Dr. Paul Veith
Telephone: +61 3 8344 2561
- BSc (Hons): University of Melbourne, School of Biochemistry
- PhD: University of Melbourne, Melbourne Dental School
Protein secretion in pathogenic bacteria
Chronic periodontitis (gum disease) is associated with specific bacterial pathogens such as Porphyromonas gingivalis, Treponema denticola, and Tannerella forsythia. P. gingivalis is the most important of these and produces large quantities of proteases (called gingipains) that are essential for the ability of this pathogen to cause disease. Our recent data indicates that these gingipains are located on the outside of the cell within a special surface layer that can be seen by electron microscopy (EM). We are intensively studying the secretion system responsible for transporting these gingipains across the outer membrane and incorporating them into this surface layer. This secretion system is newly discovered and seems to be conserved in the bacteroidetes phylum and therefore linked to a variety of diseases and environmental issues. We use a range of techniques including mass spectrometry, EM, cell fractionation, native and 2D electrophoresis, protein expression, mutant generation, bioinformatics, etc in order to identify the components of this novel secretion system and to determine the role of each component in the secretion mechanism. Please refer to Chen et al., 2011 (below) as a sample of our work in this exciting area.
Proteomics / Mass Spectrometry
We have our own well-established proteomics laboratory located in the Bio21 Institute that comprises MALDI-TOF/TOF and Ion Trap mass spectrometers, sample preparation robots, 2D electrophoresis equipment, fluorescent scanner, & in-house proteomics servers (Mascot, Proteinscape). Protein identification projects we have conducted include studies of all three periodontopathogens (Veith et al., 2002; Veith et al., 2009a; Veith et al., 2009b). Apart from having a high capability for all our protein identification needs, we have conducted several quantitative analyses in order to determine how P. gingivalis adapts to various growth conditions, such as iron (haem) limitation (Dashper et al., 2009), biofilm formation (Ang et al., 2008) and currently, the formation of synergistic biofilms with T. denticola and T. forsythia (see also Bacterial Ecology). The proteins that have changed in abundance reveal potential nutritional synergies and other fascinating adaptions to growth in this polymicrobial biofilm.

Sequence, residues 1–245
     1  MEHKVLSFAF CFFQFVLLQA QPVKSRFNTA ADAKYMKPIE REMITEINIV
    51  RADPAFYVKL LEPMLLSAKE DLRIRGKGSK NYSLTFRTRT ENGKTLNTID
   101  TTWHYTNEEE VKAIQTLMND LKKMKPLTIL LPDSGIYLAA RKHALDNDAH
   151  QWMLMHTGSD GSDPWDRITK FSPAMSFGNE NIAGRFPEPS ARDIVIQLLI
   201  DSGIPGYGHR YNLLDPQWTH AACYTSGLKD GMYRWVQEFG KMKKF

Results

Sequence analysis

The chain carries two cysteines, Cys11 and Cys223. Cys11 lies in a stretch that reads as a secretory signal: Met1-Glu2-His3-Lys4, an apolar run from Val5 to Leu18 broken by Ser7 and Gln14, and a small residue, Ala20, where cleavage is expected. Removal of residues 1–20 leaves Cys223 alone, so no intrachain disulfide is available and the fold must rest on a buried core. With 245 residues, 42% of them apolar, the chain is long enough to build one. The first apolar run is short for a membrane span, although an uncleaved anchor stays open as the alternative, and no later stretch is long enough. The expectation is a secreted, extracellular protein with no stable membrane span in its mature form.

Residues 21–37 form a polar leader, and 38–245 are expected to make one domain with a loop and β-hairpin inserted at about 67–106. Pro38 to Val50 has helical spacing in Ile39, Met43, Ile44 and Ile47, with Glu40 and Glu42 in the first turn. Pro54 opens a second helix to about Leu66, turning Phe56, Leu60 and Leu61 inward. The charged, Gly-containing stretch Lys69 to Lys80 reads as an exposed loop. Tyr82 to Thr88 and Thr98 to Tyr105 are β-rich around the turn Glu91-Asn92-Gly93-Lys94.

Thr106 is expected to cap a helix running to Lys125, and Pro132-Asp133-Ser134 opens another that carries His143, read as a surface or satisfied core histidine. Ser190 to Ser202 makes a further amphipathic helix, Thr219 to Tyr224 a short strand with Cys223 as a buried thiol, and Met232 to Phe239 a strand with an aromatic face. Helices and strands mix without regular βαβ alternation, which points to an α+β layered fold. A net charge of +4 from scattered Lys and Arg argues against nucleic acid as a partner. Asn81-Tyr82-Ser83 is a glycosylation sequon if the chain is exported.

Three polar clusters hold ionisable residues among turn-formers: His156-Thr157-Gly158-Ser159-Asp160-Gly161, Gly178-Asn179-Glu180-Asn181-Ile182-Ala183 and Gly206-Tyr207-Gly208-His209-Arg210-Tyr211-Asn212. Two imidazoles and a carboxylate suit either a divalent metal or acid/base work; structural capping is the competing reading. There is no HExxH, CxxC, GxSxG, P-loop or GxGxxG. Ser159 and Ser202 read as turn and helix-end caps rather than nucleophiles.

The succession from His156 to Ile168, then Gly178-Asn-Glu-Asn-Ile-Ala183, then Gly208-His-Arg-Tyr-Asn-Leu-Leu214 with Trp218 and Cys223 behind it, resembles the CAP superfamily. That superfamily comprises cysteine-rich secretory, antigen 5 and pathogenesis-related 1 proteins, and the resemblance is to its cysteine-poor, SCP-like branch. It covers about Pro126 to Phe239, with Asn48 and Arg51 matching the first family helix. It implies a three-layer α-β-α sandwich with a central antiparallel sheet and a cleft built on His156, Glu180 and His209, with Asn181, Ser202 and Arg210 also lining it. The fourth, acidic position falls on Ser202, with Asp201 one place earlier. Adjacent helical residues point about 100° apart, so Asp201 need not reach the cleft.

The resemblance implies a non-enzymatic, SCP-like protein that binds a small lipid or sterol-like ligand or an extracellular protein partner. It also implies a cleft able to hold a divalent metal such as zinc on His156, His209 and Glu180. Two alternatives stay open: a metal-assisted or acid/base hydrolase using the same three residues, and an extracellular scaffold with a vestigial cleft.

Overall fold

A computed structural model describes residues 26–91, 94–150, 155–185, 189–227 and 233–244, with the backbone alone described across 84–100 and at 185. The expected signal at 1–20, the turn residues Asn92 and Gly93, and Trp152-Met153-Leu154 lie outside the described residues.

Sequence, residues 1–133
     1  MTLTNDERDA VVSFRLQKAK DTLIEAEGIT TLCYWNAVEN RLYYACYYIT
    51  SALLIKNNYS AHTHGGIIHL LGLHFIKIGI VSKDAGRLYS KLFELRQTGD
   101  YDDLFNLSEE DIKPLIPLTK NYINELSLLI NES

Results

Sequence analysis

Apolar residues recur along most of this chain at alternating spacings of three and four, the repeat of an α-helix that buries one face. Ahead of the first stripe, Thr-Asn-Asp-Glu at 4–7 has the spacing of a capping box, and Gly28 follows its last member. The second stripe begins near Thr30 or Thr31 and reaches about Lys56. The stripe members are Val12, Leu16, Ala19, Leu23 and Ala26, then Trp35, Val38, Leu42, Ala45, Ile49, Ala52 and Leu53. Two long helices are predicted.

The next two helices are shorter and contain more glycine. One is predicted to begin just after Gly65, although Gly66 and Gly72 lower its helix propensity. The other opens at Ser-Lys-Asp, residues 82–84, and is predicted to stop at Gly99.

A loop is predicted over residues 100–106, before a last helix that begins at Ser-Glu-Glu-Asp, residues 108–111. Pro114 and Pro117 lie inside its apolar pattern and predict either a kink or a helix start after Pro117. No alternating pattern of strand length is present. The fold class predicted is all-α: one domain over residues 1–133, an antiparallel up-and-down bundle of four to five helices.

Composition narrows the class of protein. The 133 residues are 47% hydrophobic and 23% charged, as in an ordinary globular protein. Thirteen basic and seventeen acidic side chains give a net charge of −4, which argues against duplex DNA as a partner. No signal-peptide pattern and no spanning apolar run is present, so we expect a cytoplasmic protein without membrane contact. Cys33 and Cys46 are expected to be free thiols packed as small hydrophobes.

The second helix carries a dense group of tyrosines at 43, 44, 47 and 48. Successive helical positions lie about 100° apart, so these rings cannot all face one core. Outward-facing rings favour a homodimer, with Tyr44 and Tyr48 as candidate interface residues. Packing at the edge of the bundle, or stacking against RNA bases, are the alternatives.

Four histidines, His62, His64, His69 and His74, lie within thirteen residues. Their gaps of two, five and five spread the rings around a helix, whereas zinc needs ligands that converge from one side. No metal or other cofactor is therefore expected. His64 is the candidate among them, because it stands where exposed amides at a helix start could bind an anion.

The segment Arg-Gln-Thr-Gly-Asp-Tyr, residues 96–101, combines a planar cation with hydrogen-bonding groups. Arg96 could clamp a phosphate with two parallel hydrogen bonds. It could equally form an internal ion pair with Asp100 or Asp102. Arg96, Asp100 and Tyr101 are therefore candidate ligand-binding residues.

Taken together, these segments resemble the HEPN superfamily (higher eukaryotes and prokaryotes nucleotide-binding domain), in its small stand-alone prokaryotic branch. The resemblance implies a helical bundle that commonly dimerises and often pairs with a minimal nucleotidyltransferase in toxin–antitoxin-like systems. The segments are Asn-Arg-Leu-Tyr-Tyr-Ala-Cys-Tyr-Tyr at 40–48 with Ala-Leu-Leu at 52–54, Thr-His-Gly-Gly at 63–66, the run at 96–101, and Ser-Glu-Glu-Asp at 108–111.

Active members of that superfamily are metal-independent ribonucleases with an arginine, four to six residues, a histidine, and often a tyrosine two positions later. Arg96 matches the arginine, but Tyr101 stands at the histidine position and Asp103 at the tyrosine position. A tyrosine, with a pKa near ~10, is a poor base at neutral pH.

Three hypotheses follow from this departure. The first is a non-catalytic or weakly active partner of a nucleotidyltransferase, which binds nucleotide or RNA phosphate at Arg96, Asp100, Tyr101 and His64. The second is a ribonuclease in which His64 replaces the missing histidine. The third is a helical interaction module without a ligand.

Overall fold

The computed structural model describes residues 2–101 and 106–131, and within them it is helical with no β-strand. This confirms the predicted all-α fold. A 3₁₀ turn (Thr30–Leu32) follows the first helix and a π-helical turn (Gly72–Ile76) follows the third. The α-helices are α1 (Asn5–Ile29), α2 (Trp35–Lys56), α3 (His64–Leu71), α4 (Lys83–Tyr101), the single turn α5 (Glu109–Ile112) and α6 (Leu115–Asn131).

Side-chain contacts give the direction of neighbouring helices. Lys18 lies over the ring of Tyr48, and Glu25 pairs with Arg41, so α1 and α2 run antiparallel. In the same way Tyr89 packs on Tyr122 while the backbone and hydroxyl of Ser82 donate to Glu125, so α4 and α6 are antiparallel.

The oral cavity is home to many hundreds of bacterial species in both health and disease. The transition from health to disease may in many cases be due to a perturbation in the balance of these species, therefore the study of how these species interrelate may provide substantial insight into the species and conditions that promote or inhibit the proliferation of pathogens, and therefore the onset of disease. We have developed fermentors that allow the growth of polymicrobial biofilms, as well as tools to quantitate the various species present, analyse the composition and structure of the biofilm formed (by both confocal laser scanning microscopy and various EM techniques), and quantitate the proteins produced. This is a new area that promises to deliver fascinating insights into the spatial and temporal developments of polymicrobial communities relevant to oral diseases, and to learn how to favour the non-pathogenic organisms and inhibit the pathogenic ones.
CURRENT RESEARCH PROJECTS
A range of projects within the broad topics above can be tailored to suit prospective Honours, Masters, or PhD students. Please contact me to discuss your interests.
- See Dr. Veith's Find an Expert page at The University of Melbourne.